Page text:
All being, inanimate and living, without exception, follows the cycle of life. What comes into existence sustains for a time then succumbs to entropy. Knowing this and that the important factor for human beings is time, we can look within the process of change to find opportunities to slow the process of entropy as much as possible—physically and socially.
Breakdowns are an indication that the old is losing its vitality and viability. The parts in mechanical and electronic systems can be repaired or replaced by their owner. Human beings and nations, however, have to make a host of decisions to sustain their functioning. And it matters greatly how those decisions are made, especially the nature of the response.
Our response results in either peace or suffering. Life provides the stimulus, but we provide the response—acceptance of what is brings peace; resistance, which we learned as a way to feel safe and avoid pain, more often brings suffering because the desire is for something other than what is. In social systems, a compounding of crises is a clear indication that the status quo is dysfunctional. Rather than resist, we can appreciate that what looks and feels like chaos and collapse is actually life calling for us to assess, reorganize and evolve. For any response to be appropriate and sustaining personally and socially, the assessment needs to begin with an examination of how we think.
What is breaking down and why is it happening? The answer points to the area where attention is needed. In human systems, because thought precedes action, attention must above all be paid to the thinking that caused and sustains the breakdown. Civilizations have died because their responses were based upon traditional thinking. According to Albert Einstein, “No problem can be solved from the same consciousness that created it.” He also said, “The world as we have created it is a process of our thinking. It cannot be changed without changing our thinking.”
When people are suffering the consequences of breakdowns, their dissatisfaction with the status quo moves them to “think outside the box,” to discover a more viable, life-enhancing way to live. As a social system becomes increasingly dysfunctional, “emergents”—social innovators and activists—provide the direction and become a model for what works. In the realm of governance worldwide, the pendulum of change tends to swing between extremes in leadership, philosophies and policies. Ultimately though, no matter the form of government, because the quality of life is at stake the power to affect positive change lies with individuals at the bottom of the social pyramid. What it takes is an emergent leader willing to risk everything and lead by example. Mahatma Gandhi, Martin Luther King and John Lewis were such leaders.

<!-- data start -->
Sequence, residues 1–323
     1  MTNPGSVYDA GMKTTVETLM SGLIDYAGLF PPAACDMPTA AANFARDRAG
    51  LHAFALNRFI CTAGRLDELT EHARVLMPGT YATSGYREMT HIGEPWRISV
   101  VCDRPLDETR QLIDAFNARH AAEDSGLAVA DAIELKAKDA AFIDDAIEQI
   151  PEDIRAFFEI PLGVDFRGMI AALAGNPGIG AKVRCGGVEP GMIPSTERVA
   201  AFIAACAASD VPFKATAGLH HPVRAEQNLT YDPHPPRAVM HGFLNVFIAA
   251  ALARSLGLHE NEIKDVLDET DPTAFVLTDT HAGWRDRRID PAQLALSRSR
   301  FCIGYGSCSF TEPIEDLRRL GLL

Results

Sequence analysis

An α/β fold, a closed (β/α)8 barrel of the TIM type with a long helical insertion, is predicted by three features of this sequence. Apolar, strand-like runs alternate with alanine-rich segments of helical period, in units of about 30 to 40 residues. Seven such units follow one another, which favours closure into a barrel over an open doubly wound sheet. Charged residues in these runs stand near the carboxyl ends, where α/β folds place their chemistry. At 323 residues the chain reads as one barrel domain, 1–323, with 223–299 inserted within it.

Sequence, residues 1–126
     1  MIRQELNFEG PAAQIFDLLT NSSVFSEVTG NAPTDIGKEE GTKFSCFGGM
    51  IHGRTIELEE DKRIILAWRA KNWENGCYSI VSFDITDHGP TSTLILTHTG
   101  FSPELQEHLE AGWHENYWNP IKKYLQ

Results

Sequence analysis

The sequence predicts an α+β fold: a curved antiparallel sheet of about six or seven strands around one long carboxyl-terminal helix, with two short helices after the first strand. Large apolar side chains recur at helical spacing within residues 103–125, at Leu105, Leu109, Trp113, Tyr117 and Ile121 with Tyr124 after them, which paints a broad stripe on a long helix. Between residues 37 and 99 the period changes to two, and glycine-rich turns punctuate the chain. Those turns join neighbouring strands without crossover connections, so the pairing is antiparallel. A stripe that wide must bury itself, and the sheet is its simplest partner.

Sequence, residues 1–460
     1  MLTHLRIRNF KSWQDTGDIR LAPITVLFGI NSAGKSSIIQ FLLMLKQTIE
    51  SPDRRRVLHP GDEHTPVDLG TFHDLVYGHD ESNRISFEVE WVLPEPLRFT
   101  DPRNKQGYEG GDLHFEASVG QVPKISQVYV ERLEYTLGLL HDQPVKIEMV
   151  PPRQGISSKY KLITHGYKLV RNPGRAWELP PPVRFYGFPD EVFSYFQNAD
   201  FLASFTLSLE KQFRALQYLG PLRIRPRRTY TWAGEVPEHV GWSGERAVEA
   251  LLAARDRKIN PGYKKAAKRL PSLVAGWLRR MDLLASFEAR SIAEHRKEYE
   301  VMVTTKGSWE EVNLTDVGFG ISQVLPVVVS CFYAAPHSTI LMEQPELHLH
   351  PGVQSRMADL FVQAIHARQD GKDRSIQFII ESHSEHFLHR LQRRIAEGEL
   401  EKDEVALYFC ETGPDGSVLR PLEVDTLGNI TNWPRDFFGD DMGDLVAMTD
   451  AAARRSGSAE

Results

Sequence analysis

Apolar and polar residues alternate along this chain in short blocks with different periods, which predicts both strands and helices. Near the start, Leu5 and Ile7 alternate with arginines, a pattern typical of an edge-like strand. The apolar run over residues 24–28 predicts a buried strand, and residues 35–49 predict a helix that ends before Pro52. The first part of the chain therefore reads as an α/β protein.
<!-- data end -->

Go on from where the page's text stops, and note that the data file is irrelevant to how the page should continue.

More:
In the moment of rejection of domination lies the seeds of transformation and liberation.
What can we do socially? Witnessing social breakdowns, we can look for and lend our support to the emergents—individuals who put service above personal gain, who associate and collaborate with experienced and intelligent experts and whose actions point the way toward making a better life for all. Where there is separation, they plant seeds of unification. Where there’s conflict, they facilitate communication to find common ground. Where there’s ignorance, they foster increased education and experience. Where there are unreasonable and destructive gaps, they work to close them. Where there are walls, they build bridges. Where there’s prejudice they facilitate and encourage shared experiences between adversaries. Where there’s hate, they work to disarm it with compassion and love. And when other nations attempt to undermine a nation’s core values, they shore up their defenses and assert their values ever more strongly—by example.
Locally, we can bring our lives into balance and live what we preach. In class, I sometimes advised students to do something every day, however small, to realize their dream—if even to just think about it. In this context, we could pick the crisis that concerns us most and decide to do something about it—if even to pray or think about what ought to be done. Importantly, we can vote our conscience and encourage others to vote.
When just one person takes on the challenges of becoming more accepting, allowing, and strong, a ripple effect is created. Everyone in that person’s sphere is now touched with the new possibility. Even if the reasons are unclear, anyone who plays by new rules will be noticed by others. Individuals functioning from this level of transformation are the pioneers of the new community, planting new seeds of the future.
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